FOXBOROUGH, Mass. – At just 18 years old, Diego Fagundez is poised to have a long and memorable career. But to this point – in his third professional season – Fagundez has likely never been better than he was in last weekend’s 1-1 draw with the New York Red Bulls.
The dynamic attacker caused problems for New York’s backline all night, slipping into the open spaces in and around the penalty area while showing an innate ability to be in the right place at the right time. Fagundez registered a game-high six shots, scored his team-leading second goal of the season and almost provided a game winner on two separate occasions in the closing 10 minutes.
“The little man, Diego, had a heck of a night,” head coach Jay Heaps said succinctly. “He’s a good player.”
Despite his diminutive stature, Fagundez again used his guile to get on the end of a set piece, latching onto Chris Tierney’s corner kick and burying his own rebound after his initial effort was cleared off the line. Of Fagundez’s six career goals, it was his second from a set piece and his third scored in a crowded penalty area.
Tierney admits he wasn’t necessarily trying to pick out Fagundez in the box, but when whipping the ball into a dangerous area, he knows the 5-foot-8 winger will find a way to get involved.
“Diego’s surprisingly crafty in terms of finding the right spot,” said Tierney. “He’s obviously one of the smallest players on the field, but he’s got great instincts. He’s always on the move in the box … You see him getting in those little pockets he got in, between their back four and their midfield. When Diego is on, he’s tough to defend.”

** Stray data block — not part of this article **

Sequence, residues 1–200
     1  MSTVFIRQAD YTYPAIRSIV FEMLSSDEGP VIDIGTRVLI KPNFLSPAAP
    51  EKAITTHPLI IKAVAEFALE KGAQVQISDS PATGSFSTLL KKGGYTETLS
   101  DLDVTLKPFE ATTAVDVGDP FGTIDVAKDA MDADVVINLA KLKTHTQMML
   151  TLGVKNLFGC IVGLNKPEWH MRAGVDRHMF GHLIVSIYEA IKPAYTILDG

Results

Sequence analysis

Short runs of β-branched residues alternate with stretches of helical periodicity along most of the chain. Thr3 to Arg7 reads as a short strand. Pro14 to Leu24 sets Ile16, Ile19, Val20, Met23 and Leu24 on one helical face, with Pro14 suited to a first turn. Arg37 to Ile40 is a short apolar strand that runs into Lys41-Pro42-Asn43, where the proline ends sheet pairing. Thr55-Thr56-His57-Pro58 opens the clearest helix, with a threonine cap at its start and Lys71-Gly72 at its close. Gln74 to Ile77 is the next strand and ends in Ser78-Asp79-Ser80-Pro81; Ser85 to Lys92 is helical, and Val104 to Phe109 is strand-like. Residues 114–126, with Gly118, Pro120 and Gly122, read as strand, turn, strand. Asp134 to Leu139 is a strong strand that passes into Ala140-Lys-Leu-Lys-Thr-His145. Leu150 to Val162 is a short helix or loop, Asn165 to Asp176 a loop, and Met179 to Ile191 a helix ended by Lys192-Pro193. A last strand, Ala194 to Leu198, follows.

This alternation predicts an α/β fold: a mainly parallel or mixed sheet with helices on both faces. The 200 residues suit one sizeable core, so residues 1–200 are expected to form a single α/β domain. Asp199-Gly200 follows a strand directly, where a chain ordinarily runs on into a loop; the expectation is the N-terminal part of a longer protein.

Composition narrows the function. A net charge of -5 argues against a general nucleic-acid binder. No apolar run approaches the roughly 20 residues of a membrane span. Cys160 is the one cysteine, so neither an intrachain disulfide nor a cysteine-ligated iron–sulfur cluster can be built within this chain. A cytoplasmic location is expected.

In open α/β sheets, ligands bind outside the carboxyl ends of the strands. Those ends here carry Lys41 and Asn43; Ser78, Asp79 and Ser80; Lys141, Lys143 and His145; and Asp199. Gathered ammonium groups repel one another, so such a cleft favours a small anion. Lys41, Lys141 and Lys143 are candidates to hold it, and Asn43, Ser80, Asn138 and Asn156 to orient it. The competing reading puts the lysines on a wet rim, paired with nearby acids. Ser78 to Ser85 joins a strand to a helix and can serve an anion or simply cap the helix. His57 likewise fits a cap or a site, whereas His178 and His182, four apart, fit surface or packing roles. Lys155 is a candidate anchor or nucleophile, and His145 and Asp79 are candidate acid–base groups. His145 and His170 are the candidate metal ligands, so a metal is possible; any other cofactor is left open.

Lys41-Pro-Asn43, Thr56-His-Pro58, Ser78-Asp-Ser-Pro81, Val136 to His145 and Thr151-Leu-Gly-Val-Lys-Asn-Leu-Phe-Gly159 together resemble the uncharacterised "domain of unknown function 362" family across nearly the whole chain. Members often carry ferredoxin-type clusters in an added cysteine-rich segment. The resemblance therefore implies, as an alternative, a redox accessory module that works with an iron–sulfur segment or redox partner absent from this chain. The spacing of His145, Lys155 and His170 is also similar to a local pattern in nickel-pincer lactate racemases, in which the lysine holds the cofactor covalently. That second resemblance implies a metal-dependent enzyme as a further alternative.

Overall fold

Fagundez’s skill is unquestioned, but it’s his soccer sense which makes him so dangerous. During his postgame comments, Fagundez said he’d noticed a trend in the way New York was defending set pieces and consequently positioned himself in front of goalkeeper Luis Robles to disrupt his rhythm. The move paid off with a goal.
Fagundez has now started six of the Revolution’s last seven games after playing just 11 minutes in the first three matches, and his resurgence has coincided with a shift from playing as a second forward to an attacking winger. With more room to roam out wide, Fagundez is able to attack defenders one-on-one and it becomes easier to drift into the open spaces when the time is right.
But for Heaps, it’s not the attacking capabilities which have him excited about Fagundez. Those have always been there. Instead it’s his continued willingness to track back and defend, which is part of the responsibilities as Fagundez grows into that wide midfield role.
“I work a lot with Diego. He’s been in and out of our lineup and I’m pushing him for more and more. I think you’re seeing him become a more complete player, two-way,” said Heaps. “His awareness tactically; that’s natural. But it’s his two-way play that shows me he’s ready for the next level.”